Typically, historical novels are set before the 19th century and into the early 20th century. Historical medical questions can be some of the more difficult ones to answer because it’s challenging to find source material from the time.
However, when it comes to medicine, historical might be considered a time frame of more than ten to twenty years ago because of the rapidly evolving nature of the practice of medicine. One example of this would be CPR guidelines. Did you know CPR guidelines generally change every five years? To put it simply, the way we are doing CPR now is not the way it looked even ten years ago. Often times, what a writer might consider a contemporary medical question is truly a historical one.
I came across this resource called The History of Vaccines which reviews what vaccines were available when.
For instance, diptheria vaccines began in 1926, tetanus in 1938, pertussis in the 1940’s, and polio vaccine was widely available around 1955.
If you’re curious whether or not a character could have had the potential to be vaccinated against a certain disease, this source would be great to check out.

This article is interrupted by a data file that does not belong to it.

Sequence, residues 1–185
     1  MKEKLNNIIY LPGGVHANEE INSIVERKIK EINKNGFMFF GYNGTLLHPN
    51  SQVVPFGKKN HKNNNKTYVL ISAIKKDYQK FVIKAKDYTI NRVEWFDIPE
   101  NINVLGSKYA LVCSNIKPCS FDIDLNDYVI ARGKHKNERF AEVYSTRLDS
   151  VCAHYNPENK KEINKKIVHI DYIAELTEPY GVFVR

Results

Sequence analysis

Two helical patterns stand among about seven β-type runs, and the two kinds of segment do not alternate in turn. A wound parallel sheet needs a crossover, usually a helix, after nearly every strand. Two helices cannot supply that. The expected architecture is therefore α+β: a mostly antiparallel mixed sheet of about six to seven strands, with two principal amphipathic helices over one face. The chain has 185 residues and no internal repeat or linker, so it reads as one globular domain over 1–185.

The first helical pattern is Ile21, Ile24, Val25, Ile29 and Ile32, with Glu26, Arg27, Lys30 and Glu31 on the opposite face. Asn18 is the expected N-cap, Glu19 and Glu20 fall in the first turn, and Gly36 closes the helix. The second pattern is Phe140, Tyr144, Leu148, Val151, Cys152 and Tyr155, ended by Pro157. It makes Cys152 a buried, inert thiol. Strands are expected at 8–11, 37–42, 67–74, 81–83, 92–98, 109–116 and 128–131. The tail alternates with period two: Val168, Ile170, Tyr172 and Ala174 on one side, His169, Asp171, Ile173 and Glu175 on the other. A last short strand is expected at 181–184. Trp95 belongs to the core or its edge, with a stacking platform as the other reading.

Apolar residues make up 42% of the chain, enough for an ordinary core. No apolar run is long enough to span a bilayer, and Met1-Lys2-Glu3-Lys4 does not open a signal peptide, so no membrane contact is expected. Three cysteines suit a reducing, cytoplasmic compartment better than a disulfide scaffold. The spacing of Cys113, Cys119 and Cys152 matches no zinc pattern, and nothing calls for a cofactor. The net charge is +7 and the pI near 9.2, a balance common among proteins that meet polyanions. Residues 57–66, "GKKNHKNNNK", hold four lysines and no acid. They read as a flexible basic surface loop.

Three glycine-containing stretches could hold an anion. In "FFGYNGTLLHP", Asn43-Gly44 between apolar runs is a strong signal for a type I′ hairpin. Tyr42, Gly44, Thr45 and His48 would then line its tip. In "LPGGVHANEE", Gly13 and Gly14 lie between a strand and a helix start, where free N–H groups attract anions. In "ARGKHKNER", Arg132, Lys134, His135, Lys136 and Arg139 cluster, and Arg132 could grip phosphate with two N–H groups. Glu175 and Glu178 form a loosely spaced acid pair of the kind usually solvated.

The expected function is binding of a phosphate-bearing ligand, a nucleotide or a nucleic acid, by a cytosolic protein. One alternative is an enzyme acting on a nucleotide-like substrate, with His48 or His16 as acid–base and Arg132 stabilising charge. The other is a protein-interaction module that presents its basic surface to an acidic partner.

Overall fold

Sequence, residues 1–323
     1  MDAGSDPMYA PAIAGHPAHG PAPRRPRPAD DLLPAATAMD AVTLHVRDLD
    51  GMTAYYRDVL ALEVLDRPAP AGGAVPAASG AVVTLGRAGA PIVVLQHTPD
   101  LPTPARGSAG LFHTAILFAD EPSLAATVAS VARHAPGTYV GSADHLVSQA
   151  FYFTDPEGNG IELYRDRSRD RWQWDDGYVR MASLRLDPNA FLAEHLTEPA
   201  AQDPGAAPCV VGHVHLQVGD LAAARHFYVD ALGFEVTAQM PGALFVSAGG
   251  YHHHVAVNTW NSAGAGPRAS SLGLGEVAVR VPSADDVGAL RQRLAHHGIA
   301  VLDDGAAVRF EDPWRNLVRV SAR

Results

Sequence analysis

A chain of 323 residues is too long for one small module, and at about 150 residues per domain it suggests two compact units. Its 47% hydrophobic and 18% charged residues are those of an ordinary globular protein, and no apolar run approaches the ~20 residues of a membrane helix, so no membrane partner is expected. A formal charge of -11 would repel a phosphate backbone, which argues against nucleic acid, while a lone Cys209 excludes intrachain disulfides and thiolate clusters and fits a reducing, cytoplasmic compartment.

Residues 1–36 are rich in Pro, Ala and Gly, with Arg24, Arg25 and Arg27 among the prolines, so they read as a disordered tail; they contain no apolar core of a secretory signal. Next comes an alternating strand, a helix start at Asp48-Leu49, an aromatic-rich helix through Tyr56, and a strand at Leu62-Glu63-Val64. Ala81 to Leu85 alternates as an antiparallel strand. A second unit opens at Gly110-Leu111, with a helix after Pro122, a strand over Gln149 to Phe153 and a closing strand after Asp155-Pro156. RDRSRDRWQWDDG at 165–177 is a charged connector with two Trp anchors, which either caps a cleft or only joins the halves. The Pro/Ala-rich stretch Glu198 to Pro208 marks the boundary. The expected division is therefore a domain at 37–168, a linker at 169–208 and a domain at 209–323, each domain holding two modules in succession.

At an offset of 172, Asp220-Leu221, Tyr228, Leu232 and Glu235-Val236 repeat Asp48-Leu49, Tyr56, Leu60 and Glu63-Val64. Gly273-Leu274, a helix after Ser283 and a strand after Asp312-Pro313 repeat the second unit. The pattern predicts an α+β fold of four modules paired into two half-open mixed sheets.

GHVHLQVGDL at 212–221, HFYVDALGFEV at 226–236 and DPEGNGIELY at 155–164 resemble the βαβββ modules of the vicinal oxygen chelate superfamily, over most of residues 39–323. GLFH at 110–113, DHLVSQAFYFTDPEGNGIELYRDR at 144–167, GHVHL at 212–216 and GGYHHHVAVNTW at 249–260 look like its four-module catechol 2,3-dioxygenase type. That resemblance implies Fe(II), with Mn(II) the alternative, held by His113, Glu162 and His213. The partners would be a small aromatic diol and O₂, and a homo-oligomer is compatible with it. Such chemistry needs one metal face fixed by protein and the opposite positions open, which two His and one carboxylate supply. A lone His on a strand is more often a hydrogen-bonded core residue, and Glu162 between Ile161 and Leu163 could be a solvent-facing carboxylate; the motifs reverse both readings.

2 thoughts on “The History of Vaccines”
Interesting. I had Whooping Cough at 6 weeks old. I am 70. I remember those early vaccinations. I got the polio sugar cube in grade school. I was sick with both kinds of measles and chicken pox. Even my four kids got chicken pox. But the younger two , we purposely exposed and they didn’t get it. Then they got it when they were teens.
Thanks for sharing your experience!
I remember my mom taking me to visit kids who were sick with chicken pox but I didn’t get them until years later when I was in elementary school.